“For long-term success the dealer has to base their business values, technology, people and process around solving a problem or satisfying a need of every individual customer,” advised Jonathan Ord. “It is an individual game at its simplest form and CRM should allow you to make sure very little slips through the cracks — and when we make mistakes there is technology that helps identify and drive the resolution. I think the downturn has helped many dealers understand that…They have also found out that it is less expensive and more profitable, as well.”

Patrick Kelly told us that, “Technology is always moving [forward]…but as far as the basic tenets of CRM methodology, it’s still the same.” Hewarned however, that “We can Facebook them all day long and spend millions of dollars on advertising and have ups lined up two miles long outside our dealership, but if we don’t do the basics on the road to the sale — courteous, great follow-up with great verbiage and then prospect the household and find out how many drivers [and] how many vehicles in the family, then the CRM is never going to be successful for the dealer.”

Bill Wittenmyer noted that, “As floor traffic became less plentiful, and as more consumers have shifted to digital shopping, the importance of tracking, follow up, and quick, concise and timely communication, has become the standard practice versus a luxury. Before, it was a tool that dealers felt they needed; now they know they need it, and furthermore, they need to ensure that it gets executed. You have seen a trend of dealer usage shift from just basic follow up on clients and leads to proactive use of data base marketing and communication.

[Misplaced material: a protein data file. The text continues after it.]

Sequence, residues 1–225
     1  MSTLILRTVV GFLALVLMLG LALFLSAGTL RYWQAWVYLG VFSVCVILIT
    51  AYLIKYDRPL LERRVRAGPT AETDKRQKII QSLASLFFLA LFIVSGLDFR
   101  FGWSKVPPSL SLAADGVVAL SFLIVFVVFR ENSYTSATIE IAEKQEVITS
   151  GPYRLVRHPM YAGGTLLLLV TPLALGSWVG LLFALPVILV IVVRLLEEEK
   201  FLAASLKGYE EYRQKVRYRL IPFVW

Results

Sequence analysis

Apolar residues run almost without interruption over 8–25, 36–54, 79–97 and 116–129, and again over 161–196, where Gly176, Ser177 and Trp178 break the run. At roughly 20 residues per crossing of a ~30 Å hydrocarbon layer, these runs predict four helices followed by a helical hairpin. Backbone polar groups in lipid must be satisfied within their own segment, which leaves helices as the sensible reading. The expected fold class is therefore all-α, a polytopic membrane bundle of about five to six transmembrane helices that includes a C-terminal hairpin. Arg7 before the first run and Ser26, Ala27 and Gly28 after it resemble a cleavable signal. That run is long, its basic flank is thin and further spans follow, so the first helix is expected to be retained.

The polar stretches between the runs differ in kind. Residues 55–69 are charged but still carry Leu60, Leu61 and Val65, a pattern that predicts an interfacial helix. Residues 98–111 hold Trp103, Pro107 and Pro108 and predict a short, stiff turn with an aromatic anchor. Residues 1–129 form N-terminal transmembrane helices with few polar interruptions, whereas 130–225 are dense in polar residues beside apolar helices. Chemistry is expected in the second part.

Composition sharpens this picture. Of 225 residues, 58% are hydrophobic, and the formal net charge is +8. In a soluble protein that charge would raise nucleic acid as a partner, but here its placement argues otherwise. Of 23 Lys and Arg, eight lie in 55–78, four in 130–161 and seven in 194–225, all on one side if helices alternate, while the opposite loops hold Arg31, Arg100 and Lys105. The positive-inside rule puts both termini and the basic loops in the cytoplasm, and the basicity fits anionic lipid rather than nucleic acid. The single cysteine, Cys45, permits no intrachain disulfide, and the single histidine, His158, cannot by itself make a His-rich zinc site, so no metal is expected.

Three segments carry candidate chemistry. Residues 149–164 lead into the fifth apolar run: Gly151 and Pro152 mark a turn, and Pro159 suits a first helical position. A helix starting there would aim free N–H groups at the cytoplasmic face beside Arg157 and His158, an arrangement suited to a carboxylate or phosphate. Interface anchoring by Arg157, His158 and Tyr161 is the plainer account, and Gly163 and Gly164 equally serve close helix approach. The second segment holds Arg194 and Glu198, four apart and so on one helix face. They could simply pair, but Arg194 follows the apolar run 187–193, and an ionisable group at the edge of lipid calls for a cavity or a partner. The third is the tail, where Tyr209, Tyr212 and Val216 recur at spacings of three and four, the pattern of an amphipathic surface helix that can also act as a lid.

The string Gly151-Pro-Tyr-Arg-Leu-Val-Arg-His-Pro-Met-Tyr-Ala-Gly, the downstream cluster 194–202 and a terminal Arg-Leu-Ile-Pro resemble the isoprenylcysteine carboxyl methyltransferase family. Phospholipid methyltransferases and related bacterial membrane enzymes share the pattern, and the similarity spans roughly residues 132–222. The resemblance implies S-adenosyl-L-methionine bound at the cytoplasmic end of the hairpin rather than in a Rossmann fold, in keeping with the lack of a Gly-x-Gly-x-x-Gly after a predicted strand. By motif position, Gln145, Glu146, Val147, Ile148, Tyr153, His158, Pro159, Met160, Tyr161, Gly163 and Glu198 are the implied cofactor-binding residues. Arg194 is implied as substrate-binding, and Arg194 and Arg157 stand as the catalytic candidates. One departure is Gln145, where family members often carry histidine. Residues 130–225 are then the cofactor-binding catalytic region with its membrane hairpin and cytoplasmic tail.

Improving how your dealership uses CRM

Modern CRM systems can do things that dealers never would have imagined a decade ago, but they can only take advantage of them if they are using their CRM properly.

“The most basic part they’re [dealers] missing is logging ups and having accountability,” Patrick Kelly told us. “Radio Shack is better at it than we are. Try to buy a five-dollar pack of batteries and they’ll ask you, ‘Can I get your email address? Can I get a phone number?’ And we’ve got people trying to buy $50,000 ticket items that our sales- people aren’t logging.”

“Most dealers know the importance of getting the info into a system,” offered Bill Wittenmyer, “but we still see a lack of execution on (by?) the salesperson, day to day. There are great examples of BDC usage and marketing, but the great tools that are available, such as electronic brochures and daily marketing plans and even equity predictors as examples, still don’t get daily and widespread use at the salesperson level.”

In addition to the importance of adding information, Patrick Kelly continued, “The second area we are missing is that dealers have hundreds of thousands, even millions, of orphan owners. Customers who bought a car, the salesperson no longer works at the dealership, and the other salespeople are not working the orphan database…The third area that’s missed is the opportunity to sell cars to service and parts customers. These are people that own our product. They’re servicing with us but never bought a car. Buying parts from us, but never bought a car from us. To actually get our salespeople engaged in calling service and parts and body shop customers that have never bought a car [is essential].”

Jonathan Ord advised that dealerships should use their CRM to improve both their strengths and their weaknesses. “Every dealership has types of customers that they always handle correctly and without problems,” he explained. “If a dealer is really good at quick lube in service, and economy cars in sales, then focus on that. Make that the marketing message and your social media, your employees and your customers will be in alignment in saying that you are great. If you are not good at something—get good at it first, before you start attracting the masses, because your customers do talk and so do your employees.”

CRM systems, as with any technology, is only effective if it is used properly and effectively. As Patrick Kelly reminded us, the most important part of any CRM is the people who use it. “The people factor is the most important part of CRM. I’ve said for years that you can have a terrible CRM tool, but actually use it and have commitment and you’ll sell more cars. Whereas you can have the best CRM tool in the world, and not be committed, and not have leadership and discipline and processes in place, and CRM will not sell you another car.”

Michael Bowen